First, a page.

You don’t usually think of books when you’re on YouTube. But the web is now abuzz with lit enthusiasts pleading for a Literature Category on YouTube, hoping to build a new space for authors and readers on the video sharing site.
Fiction Circus writes in their 14-point manifesto:
“You will note that while Google has made serious, extremely well-organized attempts to purchase and control all out-of-print literature and create a massive online digital library, they have not bothered to create a ‘literature’ category for YouTube, revealing once again that they would be terrible shepherds for the human inheritance of written knowledge. Perhaps it can be argued that literature is ‘entertainment.’ But aligning literature with ‘entertainment’ is disingenuous. Literature is never merely ‘entertainment.'”
Miracle Jones of Fiction Circus says:
“I am not advocating conflict. Institutions such as YouTube are already too powerful; we cannot separate from them. They created the battlefield. Places like Google and YouTube are the circulatory and nervous systems of the American internet.
Therefore, YouTube must be infected with the disease of literature.”
But how would you file or classify videos as literature? Should YouTube just count book reviews and conversations? Is it a place for up and coming authors to launch their book trailers? Already, newly published authors are using the site for free book promos and instant linkbacks to their blogs. (Here are some book trailers on Publishers Weekly.)
Is this category where spoken-word videos are filed? Where short stories and poems dramatically and thoughtfully presented are uploaded?
Do we count book interview with authors? Fan fiction? Lengthy discussions on book characters and plots? How about book spoilers like this video?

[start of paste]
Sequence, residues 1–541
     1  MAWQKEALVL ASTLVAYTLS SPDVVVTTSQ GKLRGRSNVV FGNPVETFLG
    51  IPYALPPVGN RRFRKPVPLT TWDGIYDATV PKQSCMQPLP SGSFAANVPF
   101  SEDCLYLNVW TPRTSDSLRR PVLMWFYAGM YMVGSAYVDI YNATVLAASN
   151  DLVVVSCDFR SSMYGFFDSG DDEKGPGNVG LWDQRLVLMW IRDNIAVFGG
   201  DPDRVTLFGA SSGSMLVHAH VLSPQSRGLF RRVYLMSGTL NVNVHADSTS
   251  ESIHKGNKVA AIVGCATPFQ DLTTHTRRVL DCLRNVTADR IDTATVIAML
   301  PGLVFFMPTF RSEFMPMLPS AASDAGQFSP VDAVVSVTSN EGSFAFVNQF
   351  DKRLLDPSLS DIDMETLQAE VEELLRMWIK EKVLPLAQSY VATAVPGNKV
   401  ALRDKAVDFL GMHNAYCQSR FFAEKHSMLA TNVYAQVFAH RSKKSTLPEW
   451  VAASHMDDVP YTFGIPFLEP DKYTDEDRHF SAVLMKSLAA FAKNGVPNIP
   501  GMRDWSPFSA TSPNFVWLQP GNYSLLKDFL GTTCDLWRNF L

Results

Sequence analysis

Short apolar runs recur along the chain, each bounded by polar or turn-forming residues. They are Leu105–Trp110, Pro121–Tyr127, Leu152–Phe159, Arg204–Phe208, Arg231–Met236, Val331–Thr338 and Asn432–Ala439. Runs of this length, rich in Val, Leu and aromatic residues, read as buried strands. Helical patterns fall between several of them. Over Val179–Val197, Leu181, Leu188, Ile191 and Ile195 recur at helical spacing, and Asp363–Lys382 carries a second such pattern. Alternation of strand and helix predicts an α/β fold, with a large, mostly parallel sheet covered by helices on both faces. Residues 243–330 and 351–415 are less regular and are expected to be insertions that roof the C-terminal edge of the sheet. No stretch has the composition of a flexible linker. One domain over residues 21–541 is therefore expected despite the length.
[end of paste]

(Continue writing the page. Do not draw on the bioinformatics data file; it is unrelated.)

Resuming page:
What about those quirky stop motion animations like Spike Jonze’s tragicomic Mourir Auprès de Toi (To Die By Your Side)?
The whole point of categorizing videos is to make them more accessible to the readers. With about 35 hours of video uploaded to the site every minute, 490 million unique users worldwide per month (who rack up an estimated 92 billion page views monthly – as of February 2011), and a growth expectancy at US$1.7 billion in 2012, we think it’s time this video portal superpower listened to what its viewers and subscribers are clamoring for. After all, isn’t the site user-centric and user-inspired?
Right now, if you decide to upload your video to YouTube, you can only file it under these categories:
Film and Animation
News and Politics
People and Blogs
Science and Technology
Although some people are saying literature is a sub-category of Art & Entertainment, we still agree with Fiction Circus. It’s just fitting and right that YouTube create a “place to craft and innovate multimedia poetry and fiction videos”.
What do you think? Does Literature deserve its own category on YouTube?
How precise must they be? Or should we just get off YouTube, shut down the pc and start reading a book?
Enough with those cute cats, how-to-dougie videos and 4-year olds singing Adele, right?